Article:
Green: Becoming an encourager, making a difference for others


A few weeks ago, my nephew graduated from Angelo State University. I’m extremely proud of him, even if I am more of a Tarleton fan. His last name is Smith, so I went to his graduation ceremony ready for a looooong wait for the S’s, to finally hear his name, watch him walk across the stage, and cheer him on. But during the ceremony, I learned a new life hack, and I plan to use it for basically everything, from now on.

Renae Green column

We arrived early, and I found a seat where I had full view of the stage. A few minutes later, a couple sat directly to my right, the woman next to me, her husband next to her. When the ceremony started, the man whooped and hollered like he was at the Super Bowl and his team was in the lead. He had a deep, bellowing bass voice that roared through the stadium. Fast forward to the name-calling: the man cheered for the very first name on the list. Lucky guy, I thought. I half expected the couple to get up and leave, rather than stay for the rest of the ceremony.

Then the second name was called. The man shouted that person’s name. “Way to go, Madi!” Then the third, and the fourth, and the 17th… That fellow cheered at the top of his lungs for every single name on the list. People around us turned and looked, chuckling and shaking their heads. It was clear he didn’t know all these people. He just wanted to make sure every person there had someone cheering for them, and that they knew it.

I stopped watching him in my peripheral vision and watched the people on stage. Each time they heard their name cheered on from the stands, their smiles got a little wider. Some of them turned and waved, and the man waved back. His wife hid her face in her hands, but I could tell she was amused, even pleased.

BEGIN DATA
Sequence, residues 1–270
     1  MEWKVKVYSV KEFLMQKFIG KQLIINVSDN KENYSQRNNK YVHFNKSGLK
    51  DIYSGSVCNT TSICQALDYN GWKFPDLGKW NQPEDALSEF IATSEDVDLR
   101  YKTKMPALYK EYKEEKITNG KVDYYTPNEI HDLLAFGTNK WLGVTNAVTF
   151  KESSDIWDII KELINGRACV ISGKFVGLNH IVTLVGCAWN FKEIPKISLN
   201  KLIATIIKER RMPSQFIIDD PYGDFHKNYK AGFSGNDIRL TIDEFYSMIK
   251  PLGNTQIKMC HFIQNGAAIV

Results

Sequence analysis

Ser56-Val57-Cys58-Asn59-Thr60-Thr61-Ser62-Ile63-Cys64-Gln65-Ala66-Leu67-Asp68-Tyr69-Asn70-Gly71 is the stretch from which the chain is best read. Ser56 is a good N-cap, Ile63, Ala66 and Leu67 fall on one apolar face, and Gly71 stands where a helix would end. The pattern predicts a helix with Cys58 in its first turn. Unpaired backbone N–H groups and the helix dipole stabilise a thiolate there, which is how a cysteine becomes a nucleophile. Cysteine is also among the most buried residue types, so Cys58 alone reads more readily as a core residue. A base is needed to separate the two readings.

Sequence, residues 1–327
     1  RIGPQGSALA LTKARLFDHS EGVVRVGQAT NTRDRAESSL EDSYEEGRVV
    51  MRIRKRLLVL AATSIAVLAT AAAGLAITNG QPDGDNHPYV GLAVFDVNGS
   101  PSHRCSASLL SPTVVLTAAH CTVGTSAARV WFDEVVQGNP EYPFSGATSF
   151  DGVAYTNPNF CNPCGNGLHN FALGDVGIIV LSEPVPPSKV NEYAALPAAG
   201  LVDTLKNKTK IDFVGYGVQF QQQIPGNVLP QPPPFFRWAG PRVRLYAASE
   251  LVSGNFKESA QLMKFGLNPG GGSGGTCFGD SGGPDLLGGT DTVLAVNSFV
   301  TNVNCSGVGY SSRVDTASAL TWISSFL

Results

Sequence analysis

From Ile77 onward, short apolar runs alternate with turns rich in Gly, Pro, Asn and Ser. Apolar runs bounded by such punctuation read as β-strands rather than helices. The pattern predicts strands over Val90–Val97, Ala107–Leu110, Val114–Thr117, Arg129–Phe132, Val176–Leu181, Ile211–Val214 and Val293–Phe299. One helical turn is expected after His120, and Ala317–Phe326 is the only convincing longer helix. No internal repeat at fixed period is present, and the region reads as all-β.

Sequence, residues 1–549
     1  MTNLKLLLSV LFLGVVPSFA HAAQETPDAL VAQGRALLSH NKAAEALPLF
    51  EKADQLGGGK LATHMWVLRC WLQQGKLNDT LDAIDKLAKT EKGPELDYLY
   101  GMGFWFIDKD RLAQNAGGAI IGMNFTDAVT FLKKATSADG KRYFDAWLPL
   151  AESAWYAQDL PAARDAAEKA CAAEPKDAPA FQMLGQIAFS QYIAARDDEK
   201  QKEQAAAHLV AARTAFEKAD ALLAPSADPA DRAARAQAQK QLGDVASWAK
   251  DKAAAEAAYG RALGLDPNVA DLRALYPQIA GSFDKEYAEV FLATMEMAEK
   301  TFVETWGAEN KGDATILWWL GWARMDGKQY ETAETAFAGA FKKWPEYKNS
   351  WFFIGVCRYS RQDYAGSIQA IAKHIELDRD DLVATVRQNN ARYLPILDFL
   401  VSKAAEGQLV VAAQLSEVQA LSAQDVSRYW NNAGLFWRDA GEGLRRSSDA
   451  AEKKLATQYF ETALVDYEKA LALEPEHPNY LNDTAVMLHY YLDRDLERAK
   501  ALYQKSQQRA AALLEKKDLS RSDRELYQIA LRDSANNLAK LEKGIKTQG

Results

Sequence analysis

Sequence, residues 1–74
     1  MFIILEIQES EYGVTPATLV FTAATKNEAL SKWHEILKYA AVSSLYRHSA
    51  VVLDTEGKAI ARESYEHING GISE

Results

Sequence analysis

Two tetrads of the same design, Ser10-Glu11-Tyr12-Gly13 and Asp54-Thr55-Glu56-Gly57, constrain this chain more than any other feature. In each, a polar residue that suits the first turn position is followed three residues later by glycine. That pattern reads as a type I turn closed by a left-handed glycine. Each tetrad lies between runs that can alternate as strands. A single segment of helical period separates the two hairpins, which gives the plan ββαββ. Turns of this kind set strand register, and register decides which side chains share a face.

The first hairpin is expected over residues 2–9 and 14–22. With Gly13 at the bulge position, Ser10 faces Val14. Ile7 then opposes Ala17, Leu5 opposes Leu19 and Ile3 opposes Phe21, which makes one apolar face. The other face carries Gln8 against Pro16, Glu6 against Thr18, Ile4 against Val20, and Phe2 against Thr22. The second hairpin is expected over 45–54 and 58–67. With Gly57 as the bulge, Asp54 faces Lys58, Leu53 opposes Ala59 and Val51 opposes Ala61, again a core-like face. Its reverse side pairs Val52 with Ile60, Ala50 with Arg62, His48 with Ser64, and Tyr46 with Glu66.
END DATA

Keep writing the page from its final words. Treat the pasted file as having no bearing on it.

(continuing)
“Is he always like this?” I asked her.

“Oh, Lord, yes. Never a dull moment.”

I didn’t catch the man’s name, but in my mind, I’ve nicknamed him “Barney.” He reminds me of another Barney, found in the Bible. Actually, the Bible character was Barnabas, and he’s known as the encourager. Barnabas didn’t write any books of the Bible. He wasn’t a gifted preacher or teacher. But in my opinion, what he provided was far more rare, far more important.

Scripture tells us Barnabas encouraged others in several ways. First, he was a generous giver. He sold some of his land and gave the proceeds to help meet the needs of other disciples. During that time, many Christian converts lost their jobs and their livelihoods because of their faith. Barnabas wanted to help however he could, so he sold his land and donated the money.

He was also a good and loyal friend. Understandably, when Saul (a known Christian killer) converted to Christianity himself, other Christians didn’t trust him. Barnabas stood by Saul (later known as Paul) and smoothed the way for him to earn trust.

Finally, he encouraged those in the ministry. It was a difficult path, but Barnabas was there, cheering them on, telling them to keep going and not give up. He was there, telling them what a great job they were doing and that what they did mattered. He was there, bellowing their names from the stands, causing them to lift their heads, wave, and keep moving forward.

Too often, I think about my contributions to this life as a personal, singular endeavor. From now on, I want to look further. I may not have unequaled brilliance, brains, or brawn, but I can encourage those who do. I can give generously. I can be a loyal friend. And I can watch others on their journey, shout their names, tell them what a great job they’re doing, and inspire them to keep going.

The word encourage means to inspire with courage, spirit, or confidence. My goal, for 2022 and beyond, is to be an encourager. I want to yell at the top of my lungs for those around me. I want to fill their hearts with courage, confidence, and the spirit to hold their heads up, smile, and keep going.

“Joseph, a Levite from Cyprus, whom the apostles called Barnabas (which means “son of encouragement”), sold a field he owned and brought the money and put it at the apostles’ feet.” Acts 4:36-37.

Renae Brumbaugh Green is a bestselling author and award-winning humor columnist. She lives in Stephenville with her handsome, country-boy husband, nearly perfect children, and far-too-many animals. Connect with Renae at www.RenaeBrumbaugh.com